You don't vote against somebody. You vote for somebody. You don't talk much about McCain here, just Obama.

Pragmatically, at the presidential level, you vote for a *party*. Which is reason enough not to vote for either Obama or McCain.

Also: if somebody claims Jesus as their lord and saviour, it's not our place to judge whether or not it's true. It's between them and God. Regardless of what *I* believe about the person's salvation, the right way to treat them is as a Christian. (Of course that means if that person is living the wrong way or espousing wrong beliefs, we should point it out to them.)

From googling, it appears that McCain and Obama both claim to be Christians.

Rose said...

@zackman
Can't we assume that when he says "Obama won't do this, that's why I voted for the other guy" that he's implying "The other guy will do this"? I did...

I've listened to a lot of people give very heart-felt speeches about why they're voting independent, to prove a point and such. Perhaps that has the potential of somehow one day meaning something, but let's look at Jeremy's situation. He wanted to protect the unborn now. That's his big issue. He's willing to die for it. The vote for McCain, had there been more of them, would have delivered. You could say that about any candidate, but John was the most likely. I didn't read anything that led me to believe there was anything he disagreed with McCain enough on that he should've voted differently. Maybe you did? The whole "I'm willing to die for one issue" is a pretty strong statement.

Even if he hadn't said such a strong statement, I don't think this was the year to vote independent. They simply didn't have enough of a chance, I personally would rather my vote could actually have a chance of doing something (not that it really does anyway...at least I'm in a swing state). Maybe one of these years a better independent candidate will show up, but for now, best to try to get the guy in who's closest.

Your opening logic (at least this year) is incorrect.
Consider:
barack=false
john=true
barack=!john
john=!barack
Voting !barack = Voting john

On the other hand, I might just vote for myself, because I'm the only one that I know of who shares 100% of my beliefs.

Yay me!! Rose for Pres. in 2012. Start sending out flyers!

Rose said...

I intended to answer Jeremy's question, but forgot to before posting.

I also voted against abortion.

In addition to that, I voted against raising taxes. I don't buy the "spread the wealth" mentality, because I know how universally lazy we are. If you take away my incentive to get rich, I might still make cool stuff because that's what I like to do, but I don't know if I'm nice enough to bother spreading the word on it, if that part's not fun as well. Some people won't make cool stuff, because they're too lazy, or opportunistic enough to take the free ride where they can get it.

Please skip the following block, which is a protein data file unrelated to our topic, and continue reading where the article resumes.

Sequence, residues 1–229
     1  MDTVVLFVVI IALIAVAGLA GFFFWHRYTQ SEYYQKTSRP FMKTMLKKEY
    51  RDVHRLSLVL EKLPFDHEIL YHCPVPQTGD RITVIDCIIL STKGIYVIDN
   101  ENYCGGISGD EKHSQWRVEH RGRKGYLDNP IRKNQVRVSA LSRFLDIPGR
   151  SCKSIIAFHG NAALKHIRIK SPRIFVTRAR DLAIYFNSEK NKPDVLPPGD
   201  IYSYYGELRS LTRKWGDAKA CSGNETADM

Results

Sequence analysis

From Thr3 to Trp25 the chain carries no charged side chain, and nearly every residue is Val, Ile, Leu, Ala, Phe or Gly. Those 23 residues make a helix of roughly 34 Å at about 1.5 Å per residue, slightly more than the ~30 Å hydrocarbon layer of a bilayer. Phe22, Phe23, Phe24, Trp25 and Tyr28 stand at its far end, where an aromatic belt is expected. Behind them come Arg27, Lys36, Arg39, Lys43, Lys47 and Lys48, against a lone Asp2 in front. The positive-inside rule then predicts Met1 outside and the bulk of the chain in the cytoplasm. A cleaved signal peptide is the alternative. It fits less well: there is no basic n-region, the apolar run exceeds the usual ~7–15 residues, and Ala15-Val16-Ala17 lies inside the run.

I voted against the candidate who I felt had the least understanding of what to do about the war. Obama's plan of "we need to get out now" that he was touting (think he might've finally changed his mind) would've been a disaster. It was already done once, and the place turned into a disaster.

The thing that bothered me perhaps the most about Obama was how little his supporters know about him. I've talked to several. They want "change". Change what? "I don't know..." It frightens me to see that someone can be brainwashed that soundly, spouting a motto and having no idea what it means. One person liked Obama better simply because he was younger. Uh...

All of that said, McCain wasn't my ideal candidate. I liked Huckabee better. Chuck Norris would be the ideal candidate for president, but he wasn't running :-( However, McCain got several issues right that Obama didn't, and the opposite couldn't be said. So it was a pretty straightforward decision.

Jeremy McNeal said...

Great points on all comments. Sanders, I agree with you 100% that if a man says he is a christian; we shouldn't default to being skeptical.

My reasons for stating more on Barack was because he is the President-Elect. It's better to focus on him now. But I would love some dialog from those who *did* vote for him.

Rose, I finally become eligible to be the president in 2016! What about you? I think it's about time programmers started writing law. We could "codify" the law!

There is a chance that Obama could be a good president. If he can balance the budget, avoid wars against us or our allies, and not choose any supreme court justices.

On a side note: I think I'm going to start making posters and stuff that say God Please.... CHANGE OBAMA!